Me and my dad were driving along Espana Boulevard when he asked me how was my retreat. I told him it was great and that if there was one thing that I learned, it would have to be this: "Happiness is a carrot on a stick."
I was about to tell him what it was all about when he suddenly cut me in the middle of my sentence to ask, "What stick?" (I was about to get to that dad!) but before I could answer, I realized that we have reached my destination. It was time for me to alight the car.
What's the point? Well... nothing. I just wanted to waste three paragraphs. (Kidding.)
"Carrot on a stick" refers to a policy of offering a combination of rewards and punishment to induce behavior.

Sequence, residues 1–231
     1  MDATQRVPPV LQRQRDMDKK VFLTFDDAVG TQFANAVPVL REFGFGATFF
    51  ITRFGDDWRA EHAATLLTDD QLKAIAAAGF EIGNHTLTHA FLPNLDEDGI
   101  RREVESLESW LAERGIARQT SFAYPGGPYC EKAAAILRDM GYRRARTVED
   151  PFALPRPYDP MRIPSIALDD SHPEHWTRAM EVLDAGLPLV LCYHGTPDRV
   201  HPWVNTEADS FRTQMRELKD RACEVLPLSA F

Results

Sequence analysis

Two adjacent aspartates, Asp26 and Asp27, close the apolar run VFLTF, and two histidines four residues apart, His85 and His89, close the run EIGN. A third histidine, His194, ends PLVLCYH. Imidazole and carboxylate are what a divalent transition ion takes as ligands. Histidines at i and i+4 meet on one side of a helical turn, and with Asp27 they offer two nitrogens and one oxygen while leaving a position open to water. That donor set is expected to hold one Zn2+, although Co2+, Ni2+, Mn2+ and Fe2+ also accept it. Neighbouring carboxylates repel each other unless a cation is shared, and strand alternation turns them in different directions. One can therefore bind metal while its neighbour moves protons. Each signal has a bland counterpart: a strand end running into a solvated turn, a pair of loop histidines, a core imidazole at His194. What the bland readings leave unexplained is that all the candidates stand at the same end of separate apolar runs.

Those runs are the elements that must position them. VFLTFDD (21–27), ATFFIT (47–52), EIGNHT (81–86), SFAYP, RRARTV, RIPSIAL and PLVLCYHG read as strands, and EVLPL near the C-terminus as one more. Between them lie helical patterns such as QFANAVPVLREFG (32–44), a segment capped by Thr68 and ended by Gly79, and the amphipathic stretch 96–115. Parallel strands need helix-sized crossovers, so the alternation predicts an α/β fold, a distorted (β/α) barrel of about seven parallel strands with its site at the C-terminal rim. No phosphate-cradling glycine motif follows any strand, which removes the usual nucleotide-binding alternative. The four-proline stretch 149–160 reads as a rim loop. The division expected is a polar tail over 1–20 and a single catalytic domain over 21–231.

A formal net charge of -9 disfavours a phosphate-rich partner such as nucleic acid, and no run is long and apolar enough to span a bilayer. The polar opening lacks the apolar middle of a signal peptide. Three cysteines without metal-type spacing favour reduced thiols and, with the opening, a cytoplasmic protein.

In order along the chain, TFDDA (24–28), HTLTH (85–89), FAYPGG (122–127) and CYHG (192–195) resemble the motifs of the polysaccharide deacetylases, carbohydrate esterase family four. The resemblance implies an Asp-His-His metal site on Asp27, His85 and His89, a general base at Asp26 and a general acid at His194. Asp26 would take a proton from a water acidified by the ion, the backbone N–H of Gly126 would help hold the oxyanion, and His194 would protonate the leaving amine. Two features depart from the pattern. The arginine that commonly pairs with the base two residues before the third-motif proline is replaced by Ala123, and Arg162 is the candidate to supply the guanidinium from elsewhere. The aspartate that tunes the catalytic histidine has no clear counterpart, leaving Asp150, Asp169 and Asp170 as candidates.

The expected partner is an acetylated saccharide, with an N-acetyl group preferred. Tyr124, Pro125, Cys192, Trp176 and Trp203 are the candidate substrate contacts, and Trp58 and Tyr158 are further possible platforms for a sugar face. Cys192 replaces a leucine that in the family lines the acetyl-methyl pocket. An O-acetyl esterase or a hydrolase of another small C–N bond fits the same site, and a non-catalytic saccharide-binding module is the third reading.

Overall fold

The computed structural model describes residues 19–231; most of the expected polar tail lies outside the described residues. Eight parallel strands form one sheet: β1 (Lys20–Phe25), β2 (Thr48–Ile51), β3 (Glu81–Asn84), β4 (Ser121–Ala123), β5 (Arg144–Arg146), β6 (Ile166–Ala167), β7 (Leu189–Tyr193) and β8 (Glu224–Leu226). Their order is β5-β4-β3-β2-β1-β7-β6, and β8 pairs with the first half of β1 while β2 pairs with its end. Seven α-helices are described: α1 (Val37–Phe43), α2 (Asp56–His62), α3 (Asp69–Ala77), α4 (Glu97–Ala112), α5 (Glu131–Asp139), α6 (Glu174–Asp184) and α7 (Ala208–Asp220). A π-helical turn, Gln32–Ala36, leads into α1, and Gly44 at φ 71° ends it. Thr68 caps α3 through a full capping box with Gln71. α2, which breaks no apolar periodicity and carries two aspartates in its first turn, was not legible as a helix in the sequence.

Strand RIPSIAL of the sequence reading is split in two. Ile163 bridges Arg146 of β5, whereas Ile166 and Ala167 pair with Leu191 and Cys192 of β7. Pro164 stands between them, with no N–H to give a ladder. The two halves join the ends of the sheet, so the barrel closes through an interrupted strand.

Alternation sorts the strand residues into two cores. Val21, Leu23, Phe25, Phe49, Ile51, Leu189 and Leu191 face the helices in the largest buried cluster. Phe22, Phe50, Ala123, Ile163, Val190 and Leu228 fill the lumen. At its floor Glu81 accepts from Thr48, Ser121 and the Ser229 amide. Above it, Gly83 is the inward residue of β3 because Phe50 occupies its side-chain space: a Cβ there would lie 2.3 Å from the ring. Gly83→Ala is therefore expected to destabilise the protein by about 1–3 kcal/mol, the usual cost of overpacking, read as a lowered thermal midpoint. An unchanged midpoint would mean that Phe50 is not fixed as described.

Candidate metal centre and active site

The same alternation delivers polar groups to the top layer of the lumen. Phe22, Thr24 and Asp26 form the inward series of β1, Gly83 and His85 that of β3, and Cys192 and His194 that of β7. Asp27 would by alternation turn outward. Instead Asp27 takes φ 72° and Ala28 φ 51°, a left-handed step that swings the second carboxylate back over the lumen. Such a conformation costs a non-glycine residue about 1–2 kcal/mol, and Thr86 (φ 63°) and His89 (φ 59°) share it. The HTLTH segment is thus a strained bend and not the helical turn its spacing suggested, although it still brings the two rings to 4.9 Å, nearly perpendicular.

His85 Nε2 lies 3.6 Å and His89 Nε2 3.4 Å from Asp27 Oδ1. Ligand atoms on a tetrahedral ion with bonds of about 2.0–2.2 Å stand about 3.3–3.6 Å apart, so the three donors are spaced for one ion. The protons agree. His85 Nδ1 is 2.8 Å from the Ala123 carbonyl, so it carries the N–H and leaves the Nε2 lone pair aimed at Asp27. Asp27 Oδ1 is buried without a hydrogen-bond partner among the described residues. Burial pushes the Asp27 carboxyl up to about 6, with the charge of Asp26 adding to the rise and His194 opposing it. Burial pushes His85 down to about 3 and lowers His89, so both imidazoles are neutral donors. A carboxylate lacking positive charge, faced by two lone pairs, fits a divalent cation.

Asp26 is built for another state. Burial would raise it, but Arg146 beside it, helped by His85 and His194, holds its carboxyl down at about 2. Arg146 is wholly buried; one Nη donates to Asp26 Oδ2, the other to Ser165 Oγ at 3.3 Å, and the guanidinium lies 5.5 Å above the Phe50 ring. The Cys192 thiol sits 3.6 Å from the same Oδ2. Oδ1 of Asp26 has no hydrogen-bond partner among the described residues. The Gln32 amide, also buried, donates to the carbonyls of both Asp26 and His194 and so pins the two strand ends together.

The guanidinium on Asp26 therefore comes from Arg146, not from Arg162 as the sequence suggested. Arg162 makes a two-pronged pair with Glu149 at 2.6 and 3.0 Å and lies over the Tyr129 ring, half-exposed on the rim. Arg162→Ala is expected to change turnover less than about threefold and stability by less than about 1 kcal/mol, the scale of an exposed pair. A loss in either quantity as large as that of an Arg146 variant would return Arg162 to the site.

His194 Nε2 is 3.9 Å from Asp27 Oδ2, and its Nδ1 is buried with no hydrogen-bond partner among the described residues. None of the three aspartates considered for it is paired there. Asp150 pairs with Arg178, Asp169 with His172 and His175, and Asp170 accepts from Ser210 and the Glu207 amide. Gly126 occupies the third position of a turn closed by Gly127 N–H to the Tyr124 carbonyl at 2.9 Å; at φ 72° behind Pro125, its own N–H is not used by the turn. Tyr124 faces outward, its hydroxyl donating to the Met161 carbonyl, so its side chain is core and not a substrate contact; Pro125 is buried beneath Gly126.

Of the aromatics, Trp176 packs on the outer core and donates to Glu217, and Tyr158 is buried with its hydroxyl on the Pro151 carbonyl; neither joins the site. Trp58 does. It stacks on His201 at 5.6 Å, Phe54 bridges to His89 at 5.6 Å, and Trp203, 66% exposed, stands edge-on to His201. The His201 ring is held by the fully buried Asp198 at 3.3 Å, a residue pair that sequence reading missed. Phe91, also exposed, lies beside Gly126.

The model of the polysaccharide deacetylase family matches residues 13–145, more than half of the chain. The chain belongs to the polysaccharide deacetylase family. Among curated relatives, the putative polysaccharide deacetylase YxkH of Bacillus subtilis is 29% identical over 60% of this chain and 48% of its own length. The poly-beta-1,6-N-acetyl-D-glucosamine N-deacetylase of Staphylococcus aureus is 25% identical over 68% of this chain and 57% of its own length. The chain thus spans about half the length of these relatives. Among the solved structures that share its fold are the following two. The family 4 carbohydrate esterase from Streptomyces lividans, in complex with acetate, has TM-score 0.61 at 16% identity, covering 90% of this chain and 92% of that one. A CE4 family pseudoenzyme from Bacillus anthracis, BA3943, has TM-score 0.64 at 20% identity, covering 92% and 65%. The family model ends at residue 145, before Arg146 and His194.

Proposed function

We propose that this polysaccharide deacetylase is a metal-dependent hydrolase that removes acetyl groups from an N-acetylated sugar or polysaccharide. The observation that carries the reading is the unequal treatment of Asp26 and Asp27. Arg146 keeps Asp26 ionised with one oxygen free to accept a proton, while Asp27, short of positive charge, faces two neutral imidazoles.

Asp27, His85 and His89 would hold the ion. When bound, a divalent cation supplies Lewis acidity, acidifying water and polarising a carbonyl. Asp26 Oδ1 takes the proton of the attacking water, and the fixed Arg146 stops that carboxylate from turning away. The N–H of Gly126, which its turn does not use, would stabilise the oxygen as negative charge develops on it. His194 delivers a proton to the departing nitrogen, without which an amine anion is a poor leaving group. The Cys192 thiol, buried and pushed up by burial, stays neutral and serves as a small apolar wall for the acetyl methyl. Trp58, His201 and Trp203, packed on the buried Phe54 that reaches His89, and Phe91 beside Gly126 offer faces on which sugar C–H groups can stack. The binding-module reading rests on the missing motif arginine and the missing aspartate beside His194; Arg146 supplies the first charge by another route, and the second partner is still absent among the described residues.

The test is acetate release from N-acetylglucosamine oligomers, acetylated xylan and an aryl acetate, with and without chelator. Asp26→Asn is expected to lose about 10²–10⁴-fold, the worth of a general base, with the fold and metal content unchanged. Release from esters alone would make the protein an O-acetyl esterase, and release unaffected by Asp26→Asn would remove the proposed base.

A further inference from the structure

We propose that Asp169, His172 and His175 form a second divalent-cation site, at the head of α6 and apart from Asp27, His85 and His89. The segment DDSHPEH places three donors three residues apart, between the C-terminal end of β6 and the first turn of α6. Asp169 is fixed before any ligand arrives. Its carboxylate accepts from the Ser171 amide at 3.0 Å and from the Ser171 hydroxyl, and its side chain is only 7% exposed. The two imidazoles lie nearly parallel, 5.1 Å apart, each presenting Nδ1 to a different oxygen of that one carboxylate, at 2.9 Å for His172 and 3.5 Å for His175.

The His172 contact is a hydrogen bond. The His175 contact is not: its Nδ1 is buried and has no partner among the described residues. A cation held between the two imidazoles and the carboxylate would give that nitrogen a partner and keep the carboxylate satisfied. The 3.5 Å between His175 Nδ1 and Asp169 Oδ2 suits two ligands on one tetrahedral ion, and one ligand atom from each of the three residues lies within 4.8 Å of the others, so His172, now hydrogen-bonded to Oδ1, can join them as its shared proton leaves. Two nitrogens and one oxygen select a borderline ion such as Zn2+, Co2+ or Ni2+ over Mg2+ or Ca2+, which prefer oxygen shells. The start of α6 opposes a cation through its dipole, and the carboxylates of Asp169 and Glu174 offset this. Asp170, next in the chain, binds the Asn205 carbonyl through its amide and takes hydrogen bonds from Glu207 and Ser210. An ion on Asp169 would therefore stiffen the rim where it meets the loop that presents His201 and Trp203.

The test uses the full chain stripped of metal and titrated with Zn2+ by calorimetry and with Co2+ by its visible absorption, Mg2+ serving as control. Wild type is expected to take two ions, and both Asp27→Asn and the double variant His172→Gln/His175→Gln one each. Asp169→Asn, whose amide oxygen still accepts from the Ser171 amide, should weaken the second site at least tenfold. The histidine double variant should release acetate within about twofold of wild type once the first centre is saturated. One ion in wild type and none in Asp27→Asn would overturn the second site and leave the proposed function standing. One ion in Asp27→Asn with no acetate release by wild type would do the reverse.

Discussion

In this case, the driver would tie a carrot on a string to a long stick and dangle it in front of the donkey, just out of its reach. As the donkey moved forward to get the carrot, it pulled the cart and the driver so that the carrot would always remain out of reach.
"Happiness is a carrot on a stick" is about man's struggle to seek for happiness after happiness. For every step we move forward -- so does the carrot. Our happiness always seems to be at some destination we cannot reach; so we are never truly happy. It is a process that goes on and on.
"Happiness is a carrot on a stick" is the perfect picture of how life should NOT be lived -- happiness perceived as a destination.
Happiness should not be delayed until the end of the stick is reached. Happiness is as such. It starts the very moment it is claimed. As Buddha claimed, life is perfect as such. If we keep on seeking for happiness, we will never find it -- because searching is the antithesis for happiness.